Popcorn Time Vulnerable to “man-in-the-middle” Attack – Report
A security researcher has found a vulnerability in the popular pirate movie application Popcorn Time, that can allow a “man-in-the-middle” attacker to gain complete control of a target machine.
Antonios Chariton, aka ‘DaKnOb’, a Security Engineer & Researcher in Greece, discovered some serious security vulnerabilities in at least one fork of Popcorn Time. Chariton says the issue arises due to Cloudflare, which the app uses to bypass ISP-level blocking in the UK.
Although Cloudfare is “a really smart” technique, according to Charlto, the lack of layered security on top of that system is what leaves Popcorn Times vulnerable to hacking attacks.
“First of all, the request to Cloudflare is initiated over plain HTTP. That means both the request and the response can be changed by someone with a Man In The Middle position (Local Attacker, Network Administrator, ISP, Government, etc.),” Chariton explained.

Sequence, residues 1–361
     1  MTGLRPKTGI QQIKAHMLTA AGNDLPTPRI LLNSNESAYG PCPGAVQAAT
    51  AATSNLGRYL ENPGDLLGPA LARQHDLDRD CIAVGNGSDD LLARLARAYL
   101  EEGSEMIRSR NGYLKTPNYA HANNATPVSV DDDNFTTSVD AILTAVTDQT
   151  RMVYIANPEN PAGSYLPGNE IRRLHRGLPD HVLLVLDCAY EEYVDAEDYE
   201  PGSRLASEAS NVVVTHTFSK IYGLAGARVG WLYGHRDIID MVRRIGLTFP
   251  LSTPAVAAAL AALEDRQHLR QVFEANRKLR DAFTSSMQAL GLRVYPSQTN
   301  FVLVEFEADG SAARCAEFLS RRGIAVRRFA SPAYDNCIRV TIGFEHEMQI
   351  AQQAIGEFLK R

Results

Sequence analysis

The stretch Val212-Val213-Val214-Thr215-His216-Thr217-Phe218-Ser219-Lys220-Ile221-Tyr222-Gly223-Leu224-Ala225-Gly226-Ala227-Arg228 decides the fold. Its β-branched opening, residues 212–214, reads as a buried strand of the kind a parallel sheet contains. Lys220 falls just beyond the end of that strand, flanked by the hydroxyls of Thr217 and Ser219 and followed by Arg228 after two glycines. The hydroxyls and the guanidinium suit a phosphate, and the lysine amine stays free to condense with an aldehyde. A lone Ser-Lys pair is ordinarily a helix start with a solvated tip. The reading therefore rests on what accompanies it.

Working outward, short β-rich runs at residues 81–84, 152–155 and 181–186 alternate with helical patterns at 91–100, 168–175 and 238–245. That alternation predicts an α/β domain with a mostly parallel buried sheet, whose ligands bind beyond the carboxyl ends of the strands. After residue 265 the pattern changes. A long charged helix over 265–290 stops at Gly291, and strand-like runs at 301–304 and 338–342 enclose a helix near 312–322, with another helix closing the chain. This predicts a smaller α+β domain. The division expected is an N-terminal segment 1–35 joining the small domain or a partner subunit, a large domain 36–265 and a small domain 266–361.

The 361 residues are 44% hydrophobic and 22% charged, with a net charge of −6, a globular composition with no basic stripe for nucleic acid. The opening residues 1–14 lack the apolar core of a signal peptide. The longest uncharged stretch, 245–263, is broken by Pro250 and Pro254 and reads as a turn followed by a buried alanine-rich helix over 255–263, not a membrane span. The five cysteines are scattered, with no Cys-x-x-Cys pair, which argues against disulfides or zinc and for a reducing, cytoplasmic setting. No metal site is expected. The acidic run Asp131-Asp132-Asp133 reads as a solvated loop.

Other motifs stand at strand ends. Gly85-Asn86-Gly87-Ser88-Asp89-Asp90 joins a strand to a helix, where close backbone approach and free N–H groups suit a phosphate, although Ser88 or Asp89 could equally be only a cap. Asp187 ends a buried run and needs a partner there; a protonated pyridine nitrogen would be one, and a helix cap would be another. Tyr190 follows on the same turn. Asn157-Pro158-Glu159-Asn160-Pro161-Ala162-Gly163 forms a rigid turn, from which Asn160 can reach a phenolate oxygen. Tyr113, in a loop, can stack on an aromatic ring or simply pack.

“The second mistake is that there is no input sanitization whatsoever. That means, there are no checks in place to ensure the validity of the data received. The third mistake is that they make the previous two mistakes in a NodeJS application.”
As a proof-of-concept, Charlton exploited this particular hole and performed a “content spoofing” attack, in which he changed the name of movie Hot Pursuit to Hello World.
The same technique can be used to change any other information in Popcorn Time, the researcher notes. To demonstrate the severity of the bug, he even launched an XSS attack – a vulnerability that is exploited by hackers to inject potentially malicious scripts into web applications.
Unfortunately, there is nothing a user could do to avoid such attacks. But Charlton has some advice for Popcorn Time’s developers.
“HTTP is insecure,” he warned. “There’s nothing you can do to change this. Please, use HTTPS everywhere, especially in applications that don’t run inside a web browser. Second, sanitize your input. Even if you receive something over TLS v1.2 using a Client Certificate, it still isn’t secure! Always perform client-side checks of the server response.”
Update: Popcorn Time has now responded to the threat, saying:
“This attack requires that the attacker is either inside the local network, inside the host machine, or has poisoned the DNS servers.
In any case, there are far more valuable attacks than simply hitting Popcorn Time. Especially because it does not run with elevated privileges and won’t let the attacker install new programs for example.”
You can read Popcorn Time’s full statement here.